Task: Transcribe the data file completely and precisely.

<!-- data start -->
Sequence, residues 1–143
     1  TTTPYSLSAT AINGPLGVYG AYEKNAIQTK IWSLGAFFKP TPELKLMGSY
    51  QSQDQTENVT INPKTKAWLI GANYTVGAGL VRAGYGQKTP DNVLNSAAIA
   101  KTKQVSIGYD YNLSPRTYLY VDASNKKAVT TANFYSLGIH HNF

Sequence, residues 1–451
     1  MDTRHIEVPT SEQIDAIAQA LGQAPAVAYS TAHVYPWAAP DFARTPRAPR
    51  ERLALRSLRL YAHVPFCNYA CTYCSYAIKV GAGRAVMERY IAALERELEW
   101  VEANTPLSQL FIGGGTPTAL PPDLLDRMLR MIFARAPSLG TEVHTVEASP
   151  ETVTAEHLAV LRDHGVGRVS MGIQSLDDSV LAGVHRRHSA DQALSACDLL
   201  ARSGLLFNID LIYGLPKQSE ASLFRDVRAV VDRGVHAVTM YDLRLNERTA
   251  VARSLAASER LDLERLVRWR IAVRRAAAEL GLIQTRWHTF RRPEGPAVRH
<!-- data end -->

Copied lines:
Sequence, residues 1–143
     1  TTTPYSLSAT AINGPLGVYG AYEKNAIQTK IWSLGAFFKP TPELKLMGSY
    51  QSQDQTENVT INPKTKAWLI GANYTVGAGL VRAGYGQKTP DNVLNSAAIA
   101  KTKQVSIGYD YNLSPRTYLY VDASNKKAVT TANFYSLGIH HNF

Sequence, residues 1–451
     1  MDTRHIEVPT SEQIDAIAQA LGQAPAVAYS TAHVYPWAAP DFARTPRAPR
    51  ERLALRSLRL YAHVPFCNYA CTYCSYAIKV GAGRAVMERY IAALERELEW
   101  VEANTPLSQL FIGGGTPTAL PPDLLDRMLR MIFARAPSLG TEVHTVEASP
   151  ETVTAEHLAV LRDHGVGRVS MGIQSLDDSV LAGVHRRHSA DQALSACDLL
   201  ARSGLLFNID LIYGLPKQSE ASLFRDVRAV VDRGVHAVTM YDLRLNERTA
   251  VARSLAASER LDLERLVRWR IAVRRAAAEL GLIQTRWHTF RRPEGPAVRH